5. Consider all stakeholders – How will what you’re proposing affect marketing, sales, IT, project management, finance, support, customer success, etc? While these people are not your decision maker – and in fact, might be competing with you for dev time or resources – they could be your Trojan Horse to getting what you need.
  6. Bring data to the conversation – Find a way to tie everything to revenue that can be made (or saved) for your client or company. Highlight the potential butterfly effects of your change, such as how it will impact your team’s productivity or accuracy for the better, or help with retention by improving the customer experience. Finding ways to reduce operating costs or churn for legitimate customers is a very real way to appeal to your decision makers, so get creative about how you can turn your company-cost into a revenue-driver.
  7. Avoid the technical weeds – Obviously, there are plenty of cases within email where the technical bits are important. And as the subject matter expert, you should be prepared to discuss them if they come up. But plan to explain your case without them, using plain language, simple explanations, and my favorite: analogies!
  8. Use analogies to get your point across – The trick is to find ones that resonate with your audience. So do some active listening, get to know people whenever you can, and keep those analogies simple. My personal favorite is from Mike Hillyer, comparing changing ESPs to fix a deliverability issue to changing gyms. Odds are the reason the current gym isn’t working has very little to do with the gym.
  9. Be selective about what you ask for – Whether we’re talking about customers or internal decision makers, it’s likely you won’t get everything you ask for. So figure out where you really want to spend your credits this month, quarter or year. Prioritize what you ask for and cut non-essential items from your list. They are just distractions. Keep in mind, we’re not just talking about dollars here. Account for the number of hours spent planning, scoping the project, actually developing something, training teams on the new process, etc. Know your budget and the state of the company’s road map, and try to align your priorities accordingly. People will notice if your team is constantly churning over new tools or burning through resources.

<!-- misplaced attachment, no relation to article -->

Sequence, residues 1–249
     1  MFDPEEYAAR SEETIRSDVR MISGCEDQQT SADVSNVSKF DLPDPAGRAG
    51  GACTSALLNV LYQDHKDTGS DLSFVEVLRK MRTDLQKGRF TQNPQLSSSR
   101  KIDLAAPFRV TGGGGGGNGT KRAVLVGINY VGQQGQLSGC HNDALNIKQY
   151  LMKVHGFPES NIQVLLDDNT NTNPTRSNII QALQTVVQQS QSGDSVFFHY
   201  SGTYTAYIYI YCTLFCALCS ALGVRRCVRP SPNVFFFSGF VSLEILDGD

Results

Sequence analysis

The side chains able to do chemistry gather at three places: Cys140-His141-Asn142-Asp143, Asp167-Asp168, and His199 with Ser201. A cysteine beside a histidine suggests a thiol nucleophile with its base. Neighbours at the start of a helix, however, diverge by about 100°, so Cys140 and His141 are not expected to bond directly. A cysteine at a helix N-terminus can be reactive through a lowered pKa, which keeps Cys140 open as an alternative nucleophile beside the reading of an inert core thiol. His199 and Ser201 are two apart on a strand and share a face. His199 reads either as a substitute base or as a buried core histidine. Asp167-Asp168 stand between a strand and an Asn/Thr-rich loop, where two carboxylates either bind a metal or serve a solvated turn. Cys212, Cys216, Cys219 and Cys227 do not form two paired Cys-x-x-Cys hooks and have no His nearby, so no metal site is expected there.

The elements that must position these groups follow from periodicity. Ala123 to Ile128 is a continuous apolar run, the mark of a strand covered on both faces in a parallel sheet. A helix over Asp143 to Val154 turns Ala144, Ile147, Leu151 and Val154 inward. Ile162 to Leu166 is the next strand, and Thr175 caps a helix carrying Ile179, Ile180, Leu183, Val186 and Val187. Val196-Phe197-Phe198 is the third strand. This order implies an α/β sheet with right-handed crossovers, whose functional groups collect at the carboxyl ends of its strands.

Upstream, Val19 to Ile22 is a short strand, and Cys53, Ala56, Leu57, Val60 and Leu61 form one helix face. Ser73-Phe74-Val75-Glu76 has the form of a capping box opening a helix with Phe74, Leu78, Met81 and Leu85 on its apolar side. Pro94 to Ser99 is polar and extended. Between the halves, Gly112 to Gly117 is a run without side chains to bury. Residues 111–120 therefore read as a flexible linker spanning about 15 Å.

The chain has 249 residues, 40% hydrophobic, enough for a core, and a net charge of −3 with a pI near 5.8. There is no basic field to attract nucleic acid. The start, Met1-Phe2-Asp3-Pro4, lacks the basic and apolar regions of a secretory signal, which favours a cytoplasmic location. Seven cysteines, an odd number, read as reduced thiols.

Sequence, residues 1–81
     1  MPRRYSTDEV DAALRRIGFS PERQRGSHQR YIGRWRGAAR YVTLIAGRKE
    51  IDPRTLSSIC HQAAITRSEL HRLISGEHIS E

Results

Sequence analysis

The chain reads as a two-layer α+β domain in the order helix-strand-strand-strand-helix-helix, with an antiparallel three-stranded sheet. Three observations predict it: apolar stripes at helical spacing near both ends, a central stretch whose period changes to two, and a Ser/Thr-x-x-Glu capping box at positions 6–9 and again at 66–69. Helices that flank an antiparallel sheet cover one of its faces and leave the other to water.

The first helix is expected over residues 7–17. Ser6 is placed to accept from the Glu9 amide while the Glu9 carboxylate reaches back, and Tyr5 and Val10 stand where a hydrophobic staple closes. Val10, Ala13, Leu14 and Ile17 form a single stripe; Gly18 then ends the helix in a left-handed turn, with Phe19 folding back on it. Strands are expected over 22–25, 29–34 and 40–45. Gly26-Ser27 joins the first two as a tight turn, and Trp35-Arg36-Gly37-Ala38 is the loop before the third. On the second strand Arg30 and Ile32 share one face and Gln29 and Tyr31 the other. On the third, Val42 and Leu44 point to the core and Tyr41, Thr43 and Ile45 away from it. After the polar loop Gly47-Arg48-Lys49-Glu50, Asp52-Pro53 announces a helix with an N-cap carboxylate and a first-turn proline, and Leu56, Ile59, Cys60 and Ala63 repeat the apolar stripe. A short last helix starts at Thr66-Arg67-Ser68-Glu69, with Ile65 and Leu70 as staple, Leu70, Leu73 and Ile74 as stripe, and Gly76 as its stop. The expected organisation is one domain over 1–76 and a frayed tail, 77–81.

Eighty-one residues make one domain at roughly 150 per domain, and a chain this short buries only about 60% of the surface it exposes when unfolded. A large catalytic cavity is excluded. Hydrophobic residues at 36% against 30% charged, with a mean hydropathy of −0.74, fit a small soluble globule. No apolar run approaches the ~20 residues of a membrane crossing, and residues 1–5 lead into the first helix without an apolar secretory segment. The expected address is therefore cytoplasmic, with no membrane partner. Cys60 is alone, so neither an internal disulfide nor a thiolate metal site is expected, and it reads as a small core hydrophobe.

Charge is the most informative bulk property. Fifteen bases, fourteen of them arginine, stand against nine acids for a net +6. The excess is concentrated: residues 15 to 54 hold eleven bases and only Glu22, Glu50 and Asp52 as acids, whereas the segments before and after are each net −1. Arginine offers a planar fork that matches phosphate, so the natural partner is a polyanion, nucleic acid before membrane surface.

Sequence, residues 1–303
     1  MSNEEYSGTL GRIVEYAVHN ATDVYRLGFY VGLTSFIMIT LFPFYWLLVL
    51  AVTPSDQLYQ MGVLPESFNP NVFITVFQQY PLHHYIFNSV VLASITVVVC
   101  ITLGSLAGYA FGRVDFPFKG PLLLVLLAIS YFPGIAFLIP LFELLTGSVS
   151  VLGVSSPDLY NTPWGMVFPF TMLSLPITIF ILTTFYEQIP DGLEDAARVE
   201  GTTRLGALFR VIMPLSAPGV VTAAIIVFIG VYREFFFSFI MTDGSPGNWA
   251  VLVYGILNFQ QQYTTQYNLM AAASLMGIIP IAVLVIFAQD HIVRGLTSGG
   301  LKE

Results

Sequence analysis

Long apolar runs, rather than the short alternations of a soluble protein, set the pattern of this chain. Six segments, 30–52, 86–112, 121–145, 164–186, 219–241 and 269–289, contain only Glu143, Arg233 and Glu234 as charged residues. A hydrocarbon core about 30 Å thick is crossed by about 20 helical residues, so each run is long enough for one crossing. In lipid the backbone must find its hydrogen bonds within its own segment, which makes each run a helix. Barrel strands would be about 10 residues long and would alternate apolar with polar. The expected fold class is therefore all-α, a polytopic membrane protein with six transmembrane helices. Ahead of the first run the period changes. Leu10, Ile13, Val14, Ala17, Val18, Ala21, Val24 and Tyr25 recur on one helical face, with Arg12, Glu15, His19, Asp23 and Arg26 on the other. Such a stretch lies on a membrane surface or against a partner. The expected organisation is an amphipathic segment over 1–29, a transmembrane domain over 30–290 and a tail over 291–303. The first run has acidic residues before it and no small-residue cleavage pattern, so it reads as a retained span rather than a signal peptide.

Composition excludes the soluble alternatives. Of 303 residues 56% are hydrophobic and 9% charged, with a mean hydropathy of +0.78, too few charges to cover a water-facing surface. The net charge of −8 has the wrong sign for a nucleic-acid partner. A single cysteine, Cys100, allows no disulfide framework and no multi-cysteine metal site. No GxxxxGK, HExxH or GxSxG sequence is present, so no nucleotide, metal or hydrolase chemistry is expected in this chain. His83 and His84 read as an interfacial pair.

10. Track and share your progress – Plan for how you will track the performance (and success) of your change. Celebrate the things that went better than expected, and the people who made those a success (including your allies and key stakeholders). Also acknowledge what didn’t go well, showing you will not repeat that mistake or already have a hypothesis for improvement next time so decision makers can have higher confidence in the fact that what you ask for generally tends to run smoothly and/or lead to good things for the company. The important part here is that it’s trackable.

Ultimately, the most effective ways to educate our colleagues, decision makers and clients isn’t more advice about email. It’s better advice. Advice that connects your audience to the subject in a way that makes them more likely to understand and embrace the right concepts early on and continue to implement them within their business practices.

Table of Contents